This concert, in addition to having a singer, had a pianist. And he was the originally scheduled one: Leif Ove Andsnes, from Norway. He played Mozart’s Concerto No. 17 in G, K. 453, a masterpiece (natch). It must have seemed strange to Mr. Andsnes to be playing with a symphony orchestra, and a conductor: In recent years, he has conducted his Mozart concertos himself, from the keyboard, with a chamber orchestra. He was kickin’ it old-school on this occasion.

Let me say straight away that Mr. Andsnes is a superb pianist. For the last 10 years, I and others have spilled endless ink in praise of him. And on Wednesday night, he displayed many of his virtues. He was stately, controlled, intelligent — and clean, clean, clean. There is not a cleaner musician on the planet.

But, gosh, was this concerto dull, and Mozart certainly didn’t write it that way. Mr. Andsnes was very polite, very tasteful, very decorous. But he might have injected more character into his playing, even some soul. He might have done us the simple favor of playing out more — a simple question of volume.

The orchestra was no better — worse, in fact. Mozart’s slow movement (Andante) is one of the most sublime things in music.And the orchestra played it with little warmth, little beauty — little heart. No one is asking for emoting, but an indication of life would be nice.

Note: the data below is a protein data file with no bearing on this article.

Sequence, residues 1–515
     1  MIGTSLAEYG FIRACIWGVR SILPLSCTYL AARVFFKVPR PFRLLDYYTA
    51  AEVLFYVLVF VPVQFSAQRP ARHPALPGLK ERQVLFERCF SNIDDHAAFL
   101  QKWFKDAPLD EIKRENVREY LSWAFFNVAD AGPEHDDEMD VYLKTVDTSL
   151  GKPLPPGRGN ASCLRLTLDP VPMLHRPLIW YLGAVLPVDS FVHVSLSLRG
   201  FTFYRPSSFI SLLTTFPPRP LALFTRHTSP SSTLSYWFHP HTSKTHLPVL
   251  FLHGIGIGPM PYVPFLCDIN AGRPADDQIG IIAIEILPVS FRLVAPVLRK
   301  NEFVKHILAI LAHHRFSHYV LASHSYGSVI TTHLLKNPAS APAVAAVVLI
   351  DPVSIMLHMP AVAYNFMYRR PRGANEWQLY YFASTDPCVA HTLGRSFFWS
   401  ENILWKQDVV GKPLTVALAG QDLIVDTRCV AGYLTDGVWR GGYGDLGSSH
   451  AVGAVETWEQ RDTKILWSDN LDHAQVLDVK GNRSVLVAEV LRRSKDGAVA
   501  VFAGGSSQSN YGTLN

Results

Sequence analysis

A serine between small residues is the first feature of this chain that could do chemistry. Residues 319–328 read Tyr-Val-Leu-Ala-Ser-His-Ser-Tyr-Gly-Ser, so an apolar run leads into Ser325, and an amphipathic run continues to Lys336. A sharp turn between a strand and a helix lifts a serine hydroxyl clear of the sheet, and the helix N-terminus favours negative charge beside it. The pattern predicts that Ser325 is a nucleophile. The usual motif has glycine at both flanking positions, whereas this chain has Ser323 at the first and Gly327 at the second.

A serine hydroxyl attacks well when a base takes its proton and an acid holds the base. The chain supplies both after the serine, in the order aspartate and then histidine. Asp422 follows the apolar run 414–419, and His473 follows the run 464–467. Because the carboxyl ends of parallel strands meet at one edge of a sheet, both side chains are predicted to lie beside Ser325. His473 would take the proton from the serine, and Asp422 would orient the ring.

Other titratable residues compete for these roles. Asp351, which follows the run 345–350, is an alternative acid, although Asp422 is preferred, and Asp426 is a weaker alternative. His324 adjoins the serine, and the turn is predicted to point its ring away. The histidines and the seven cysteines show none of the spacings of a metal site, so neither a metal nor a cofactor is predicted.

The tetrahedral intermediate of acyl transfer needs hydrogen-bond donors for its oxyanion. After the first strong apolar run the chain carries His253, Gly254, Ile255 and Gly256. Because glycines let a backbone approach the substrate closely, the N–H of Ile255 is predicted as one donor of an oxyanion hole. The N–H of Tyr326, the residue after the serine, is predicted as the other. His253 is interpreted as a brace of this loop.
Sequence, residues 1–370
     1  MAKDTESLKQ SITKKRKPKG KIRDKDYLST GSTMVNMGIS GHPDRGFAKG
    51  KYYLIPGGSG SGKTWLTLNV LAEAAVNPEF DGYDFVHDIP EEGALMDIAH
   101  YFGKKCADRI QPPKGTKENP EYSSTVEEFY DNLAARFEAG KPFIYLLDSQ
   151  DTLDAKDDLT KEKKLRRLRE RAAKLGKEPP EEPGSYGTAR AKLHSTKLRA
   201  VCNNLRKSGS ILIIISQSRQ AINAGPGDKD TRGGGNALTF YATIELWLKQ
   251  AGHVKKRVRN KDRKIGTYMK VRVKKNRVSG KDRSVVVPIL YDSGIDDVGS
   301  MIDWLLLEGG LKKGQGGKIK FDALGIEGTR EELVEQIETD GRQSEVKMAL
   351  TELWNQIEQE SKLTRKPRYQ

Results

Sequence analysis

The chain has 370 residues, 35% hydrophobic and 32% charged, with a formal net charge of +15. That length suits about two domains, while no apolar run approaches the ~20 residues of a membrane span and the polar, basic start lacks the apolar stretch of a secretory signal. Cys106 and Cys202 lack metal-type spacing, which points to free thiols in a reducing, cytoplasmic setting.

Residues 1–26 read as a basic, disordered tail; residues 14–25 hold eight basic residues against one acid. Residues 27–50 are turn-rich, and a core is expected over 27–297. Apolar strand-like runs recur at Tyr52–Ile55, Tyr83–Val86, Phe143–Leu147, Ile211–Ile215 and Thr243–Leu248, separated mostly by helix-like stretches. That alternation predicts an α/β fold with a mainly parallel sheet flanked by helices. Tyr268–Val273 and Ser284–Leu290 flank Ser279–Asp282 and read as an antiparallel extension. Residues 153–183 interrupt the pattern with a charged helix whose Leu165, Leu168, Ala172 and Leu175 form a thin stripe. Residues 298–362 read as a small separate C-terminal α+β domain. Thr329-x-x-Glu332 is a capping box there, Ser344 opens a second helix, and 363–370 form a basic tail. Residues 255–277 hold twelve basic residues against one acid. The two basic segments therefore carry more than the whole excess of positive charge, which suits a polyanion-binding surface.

And how about the closing movement? An Allegretto, it is about the most gladdening thing you’ll ever hear. Its mirth, pleasure, and ingenuity are boundless. But Mr. Welser-Möst and the orchestra were rather sleepy and flaccid. As for the pianist, he rebelled a bit, and he really woke up for the final section. But that was very late in the game.

After intermission, Dorothea Röschmann took her turn. She sang two Mozart arias, both from “The Marriage of Figaro”: “Porgi, amor” and “Dove sono.” Ms. Röschmann’s appearance was awfully brief for so great a performer — but you take what you can get.